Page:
3) I have given him 10-15 mins to try to self soothe once he wakes up at that 40 min mark, then have gotten him up to feed him. I then add those minutes to his wake time during feeding and for the bit after that counts as his awake time. So far he has slept only in those 40 minute increments. is that what I should be doing? He’s not getting much sleep that way, is he? I mean I guess it works out sort of the same… Just broken up more ?

    • Hello!

      1-It sounds like a growth spurt. Once he stops taking a full feeding, you will know he isn’t hungry.

      2-He will probably always want to suck on something, so it will be thumb, paci, or blanket.

      3-If he is waking from hunger, you can’t do much about him waking. You just feed and he has more naps that are shorter. This is totally normal for a growth spurt.

  2. Hello, my 4 Month old has been babywise since 7 weeks. She doesn’t sleep through the night yet and wakes every 2-3 hours still. We have only used the Paci during sleeping time and when she wakes up at night the Paci doesn’t even seem to help, she always wants to nurse. Her pediatrician thinks we should remove the Paci all together and that it’s because of the Paci eventhough she’s eating. He’s suggesting to do CIO and ditch the Paci. Do you agree with this, or have any suggestions on what to do? I wanted to add she sleeps well for her naps and does not wake for Paci etc.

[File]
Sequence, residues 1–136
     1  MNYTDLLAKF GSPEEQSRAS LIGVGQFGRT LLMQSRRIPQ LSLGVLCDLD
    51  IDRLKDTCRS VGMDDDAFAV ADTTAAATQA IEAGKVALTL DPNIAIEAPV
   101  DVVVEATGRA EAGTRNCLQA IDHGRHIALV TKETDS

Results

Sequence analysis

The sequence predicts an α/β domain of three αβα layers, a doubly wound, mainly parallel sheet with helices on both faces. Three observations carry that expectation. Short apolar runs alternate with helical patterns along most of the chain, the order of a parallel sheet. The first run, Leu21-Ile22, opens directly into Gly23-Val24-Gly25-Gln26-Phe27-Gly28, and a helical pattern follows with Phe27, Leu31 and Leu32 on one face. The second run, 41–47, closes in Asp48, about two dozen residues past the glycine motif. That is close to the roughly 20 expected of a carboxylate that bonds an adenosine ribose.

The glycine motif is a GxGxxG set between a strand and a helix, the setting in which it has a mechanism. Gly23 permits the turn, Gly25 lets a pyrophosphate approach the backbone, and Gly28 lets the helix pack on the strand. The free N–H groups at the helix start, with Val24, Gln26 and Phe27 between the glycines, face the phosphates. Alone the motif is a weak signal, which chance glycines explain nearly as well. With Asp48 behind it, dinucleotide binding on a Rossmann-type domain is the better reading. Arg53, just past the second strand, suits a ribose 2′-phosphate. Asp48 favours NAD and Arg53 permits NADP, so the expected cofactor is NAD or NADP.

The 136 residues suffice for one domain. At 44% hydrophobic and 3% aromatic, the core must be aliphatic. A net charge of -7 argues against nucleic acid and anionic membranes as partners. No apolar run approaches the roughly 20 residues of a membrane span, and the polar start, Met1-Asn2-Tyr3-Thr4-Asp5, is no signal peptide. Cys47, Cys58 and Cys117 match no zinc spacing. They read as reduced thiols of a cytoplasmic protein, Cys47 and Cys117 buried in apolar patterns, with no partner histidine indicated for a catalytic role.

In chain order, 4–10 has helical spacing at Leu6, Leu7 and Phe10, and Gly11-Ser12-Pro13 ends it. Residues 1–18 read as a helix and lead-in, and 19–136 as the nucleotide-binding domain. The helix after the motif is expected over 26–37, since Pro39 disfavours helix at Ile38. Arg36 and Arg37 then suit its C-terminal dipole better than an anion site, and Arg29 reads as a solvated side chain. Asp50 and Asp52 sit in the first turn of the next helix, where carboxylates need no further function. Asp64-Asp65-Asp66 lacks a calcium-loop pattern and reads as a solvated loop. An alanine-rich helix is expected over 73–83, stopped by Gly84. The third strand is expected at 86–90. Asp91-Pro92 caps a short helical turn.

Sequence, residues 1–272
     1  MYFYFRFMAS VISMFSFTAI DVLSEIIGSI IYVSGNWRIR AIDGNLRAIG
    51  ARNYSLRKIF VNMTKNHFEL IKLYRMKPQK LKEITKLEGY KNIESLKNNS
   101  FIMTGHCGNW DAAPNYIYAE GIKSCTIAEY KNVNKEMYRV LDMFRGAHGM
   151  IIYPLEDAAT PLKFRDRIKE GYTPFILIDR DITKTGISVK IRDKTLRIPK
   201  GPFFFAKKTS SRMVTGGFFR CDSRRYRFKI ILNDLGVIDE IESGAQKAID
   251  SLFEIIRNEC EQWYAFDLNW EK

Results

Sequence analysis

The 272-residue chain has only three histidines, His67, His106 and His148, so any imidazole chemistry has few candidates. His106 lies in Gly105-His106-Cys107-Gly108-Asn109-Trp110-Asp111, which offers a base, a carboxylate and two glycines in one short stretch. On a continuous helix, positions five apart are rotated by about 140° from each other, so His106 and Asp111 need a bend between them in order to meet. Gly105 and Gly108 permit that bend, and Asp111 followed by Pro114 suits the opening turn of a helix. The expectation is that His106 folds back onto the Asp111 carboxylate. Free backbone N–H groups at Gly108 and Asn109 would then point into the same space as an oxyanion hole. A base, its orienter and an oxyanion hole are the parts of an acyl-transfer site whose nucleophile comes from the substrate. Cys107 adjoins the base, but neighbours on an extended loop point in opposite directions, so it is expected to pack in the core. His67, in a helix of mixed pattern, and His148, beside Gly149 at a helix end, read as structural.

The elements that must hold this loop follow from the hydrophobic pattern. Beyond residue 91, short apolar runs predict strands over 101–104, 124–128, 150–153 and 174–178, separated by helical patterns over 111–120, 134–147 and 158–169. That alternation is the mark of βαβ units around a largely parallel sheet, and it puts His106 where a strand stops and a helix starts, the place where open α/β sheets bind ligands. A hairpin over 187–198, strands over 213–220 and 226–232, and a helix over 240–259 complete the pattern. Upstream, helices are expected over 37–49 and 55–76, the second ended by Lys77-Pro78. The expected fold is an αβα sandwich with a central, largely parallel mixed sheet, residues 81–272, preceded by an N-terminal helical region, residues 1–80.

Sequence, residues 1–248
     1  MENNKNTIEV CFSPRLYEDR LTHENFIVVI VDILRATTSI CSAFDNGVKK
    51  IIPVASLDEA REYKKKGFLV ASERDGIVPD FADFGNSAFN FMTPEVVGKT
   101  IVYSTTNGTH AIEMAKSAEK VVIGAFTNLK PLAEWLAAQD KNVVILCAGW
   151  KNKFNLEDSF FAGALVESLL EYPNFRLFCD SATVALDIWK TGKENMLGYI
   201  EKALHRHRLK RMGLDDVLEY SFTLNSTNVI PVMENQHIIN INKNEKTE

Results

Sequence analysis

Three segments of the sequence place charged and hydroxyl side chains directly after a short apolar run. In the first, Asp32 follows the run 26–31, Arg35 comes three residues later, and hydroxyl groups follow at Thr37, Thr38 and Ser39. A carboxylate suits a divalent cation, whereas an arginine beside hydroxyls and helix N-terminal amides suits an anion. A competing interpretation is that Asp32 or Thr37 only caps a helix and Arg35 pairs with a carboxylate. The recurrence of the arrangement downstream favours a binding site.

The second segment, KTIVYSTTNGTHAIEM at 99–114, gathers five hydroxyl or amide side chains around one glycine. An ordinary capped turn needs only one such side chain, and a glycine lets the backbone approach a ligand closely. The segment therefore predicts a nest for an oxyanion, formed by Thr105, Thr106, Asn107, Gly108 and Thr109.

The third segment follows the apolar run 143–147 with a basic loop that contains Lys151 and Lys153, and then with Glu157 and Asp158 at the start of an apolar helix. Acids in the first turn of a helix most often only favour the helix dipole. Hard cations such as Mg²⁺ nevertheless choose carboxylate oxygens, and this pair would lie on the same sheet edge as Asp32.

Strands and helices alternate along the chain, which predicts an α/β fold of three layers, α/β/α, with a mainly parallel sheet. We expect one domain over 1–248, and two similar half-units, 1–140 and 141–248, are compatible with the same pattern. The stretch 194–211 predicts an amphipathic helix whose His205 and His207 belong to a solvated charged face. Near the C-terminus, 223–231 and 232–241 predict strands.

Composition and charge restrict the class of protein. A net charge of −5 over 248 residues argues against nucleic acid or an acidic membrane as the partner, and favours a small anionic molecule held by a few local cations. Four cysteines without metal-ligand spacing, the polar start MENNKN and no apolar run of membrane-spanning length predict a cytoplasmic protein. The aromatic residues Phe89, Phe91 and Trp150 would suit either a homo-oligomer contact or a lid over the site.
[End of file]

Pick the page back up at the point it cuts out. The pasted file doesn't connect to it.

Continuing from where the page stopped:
• I definitely see a lot of sleep issues in babies around that age because of the paci. So in general, yes I agree with that idea. However, one thing that stands out to me is that she wakes in the night, doesn’t want the paci, and only wants food. So is she hungry? If you feed her, does she take a full feed? If yes, you need to address the hunger in the day. If you aren’ doing a dreamfeed, that might help.

      But, you stated that she sleeps well for naps makes me wonder if she really is hungry. It is odd to wake in the night for food but not seek it more in the day. So is there something else about nursing that makes her want it. Is she cold and nursing warms her up, so that is what she is seeking?

      Another thing to be sure you know all about is the sleep regression at this age. Is this all just a sleep regression issue? https://www.babywisemom.com/wonder-week-19/